In searching for the neural origin of color experience, it is worth noting that in some cases color experience is not solely related to the neural mechanism of vision. For example, in some people, the perception of sounds or smells can also trigger the perception of color, supporting the idea that the neural mechanism of color experience is primarily visual, but it can also act universally, adding this unique information caused by specific neural activity to the perceived stimuli. 

The genetic determination of color and the universality of its function suggest that people who are blind from birth should be able to experience color if the neural mechanisms that generate color vision in the brain are intact.

It can therefore be logically concluded that the experience of color is a specific neural response to specific sensations, a neural activity that does not need to be associated only with a philosophical concept that is physically difficult to grasp. 

Color vision must be associated with specific brain areas, a neural activity of that area. It is an interesting observation that color vision as a neural activity is also somehow related to face recognition, since the most common disorder seen alongside cerebral achromatopsia is prosopagnosia, the inability to recognize or recall faces. This association supports the link between color vision and neural function related to surface perception. 

Why is it the experience of a particular color that we perceive? Why is the sight of the color red seen? 

Color vision is an evolutionary ability that certainly evolved in several steps. The first evolutionary step towards this ability in the animal world was the sensation of light, therefore the two basic evolutionary colors must be white and black and their appearing shades. In the process of evolutionary development, of adaptation of species to their environment, a specific surface recognized by vision, important for sustaining life, gives an evolutionary advantage to the survival of the individual, the recognition of this surface creates a positive evolutionary feedback by selection. The unique visual separation of these surfaces can be achieved by the nervous system through an artificially generated property associated with the specific spectrum of light reflected by these surfaces and recorded by the eye, which creates a sensation perceived by the brain as color, and whose generated property is also accessible to the visual nervous system. In the course of evolution, selection for survival must have led to the appearance of new colors in the visual neural processes of different species.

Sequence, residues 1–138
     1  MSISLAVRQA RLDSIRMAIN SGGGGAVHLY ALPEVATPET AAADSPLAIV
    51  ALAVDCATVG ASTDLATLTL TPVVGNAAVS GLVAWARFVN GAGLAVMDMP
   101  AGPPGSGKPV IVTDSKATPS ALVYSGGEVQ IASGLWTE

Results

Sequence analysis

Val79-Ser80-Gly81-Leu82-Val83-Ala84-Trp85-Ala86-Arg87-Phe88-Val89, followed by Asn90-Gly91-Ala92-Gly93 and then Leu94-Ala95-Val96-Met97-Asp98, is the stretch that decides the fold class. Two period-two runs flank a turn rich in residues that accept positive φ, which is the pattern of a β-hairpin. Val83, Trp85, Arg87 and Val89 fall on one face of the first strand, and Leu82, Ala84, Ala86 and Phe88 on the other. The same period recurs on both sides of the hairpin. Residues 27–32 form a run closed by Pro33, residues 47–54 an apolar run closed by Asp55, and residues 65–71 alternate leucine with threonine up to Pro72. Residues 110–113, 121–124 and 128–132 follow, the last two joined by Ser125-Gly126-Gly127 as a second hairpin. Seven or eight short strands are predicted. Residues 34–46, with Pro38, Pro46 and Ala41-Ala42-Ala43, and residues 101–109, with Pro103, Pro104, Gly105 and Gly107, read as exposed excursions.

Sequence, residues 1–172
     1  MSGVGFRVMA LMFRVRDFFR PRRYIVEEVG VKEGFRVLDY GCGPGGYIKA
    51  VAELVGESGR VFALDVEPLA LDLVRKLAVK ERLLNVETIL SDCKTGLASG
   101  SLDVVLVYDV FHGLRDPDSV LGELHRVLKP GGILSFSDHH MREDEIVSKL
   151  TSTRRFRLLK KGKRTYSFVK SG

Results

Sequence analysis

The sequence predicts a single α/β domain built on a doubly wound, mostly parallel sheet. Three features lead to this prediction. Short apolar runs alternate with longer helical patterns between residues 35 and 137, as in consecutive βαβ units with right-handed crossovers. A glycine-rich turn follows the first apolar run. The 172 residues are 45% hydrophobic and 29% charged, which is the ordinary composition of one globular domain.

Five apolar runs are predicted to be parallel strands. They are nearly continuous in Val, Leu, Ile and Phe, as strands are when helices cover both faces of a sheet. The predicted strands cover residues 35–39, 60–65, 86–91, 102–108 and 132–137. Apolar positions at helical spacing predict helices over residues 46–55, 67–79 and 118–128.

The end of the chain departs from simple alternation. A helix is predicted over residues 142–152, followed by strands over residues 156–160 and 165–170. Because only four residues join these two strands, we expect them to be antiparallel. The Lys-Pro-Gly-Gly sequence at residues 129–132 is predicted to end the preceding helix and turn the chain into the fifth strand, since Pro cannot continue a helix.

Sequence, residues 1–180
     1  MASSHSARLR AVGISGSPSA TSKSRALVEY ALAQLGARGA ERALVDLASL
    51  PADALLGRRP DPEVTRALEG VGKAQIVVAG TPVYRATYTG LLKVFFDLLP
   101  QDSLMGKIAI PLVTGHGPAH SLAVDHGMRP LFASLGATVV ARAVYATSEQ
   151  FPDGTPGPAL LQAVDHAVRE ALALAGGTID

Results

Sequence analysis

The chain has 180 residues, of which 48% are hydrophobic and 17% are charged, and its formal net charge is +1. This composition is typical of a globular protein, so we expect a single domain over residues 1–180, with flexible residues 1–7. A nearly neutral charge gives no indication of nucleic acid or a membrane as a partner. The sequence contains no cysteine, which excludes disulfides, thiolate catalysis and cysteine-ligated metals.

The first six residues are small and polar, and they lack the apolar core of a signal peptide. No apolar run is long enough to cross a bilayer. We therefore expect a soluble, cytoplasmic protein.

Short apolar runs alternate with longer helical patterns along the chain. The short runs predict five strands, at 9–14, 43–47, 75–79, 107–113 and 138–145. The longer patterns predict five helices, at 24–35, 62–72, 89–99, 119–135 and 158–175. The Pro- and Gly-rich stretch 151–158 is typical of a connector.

Consequently, there may be colors that do not exist for humans, that are not specified by the human nervous system, that have no evolutionary advantage for humans to recognize. However, other species of animals can certainly see other colors. For example, there are animal species that can see ultraviolet or infrared light. These animals might see these spectra of light as seeing colors. These colors do not exist for human beings. During the evolutionary development of human perception, a new color could possibly emerge in the spectrum of light that we see, for a particular combination of wavelengths, if there is an evolutionary advantage to recognizing a surface with a particular spectral combination. However, natural evolution in the case of humans is already limited, so the emergence of new colors in the natural evolutionary development of humans is unlikely, but unique genetic mutations could possibly create such a phenomenon.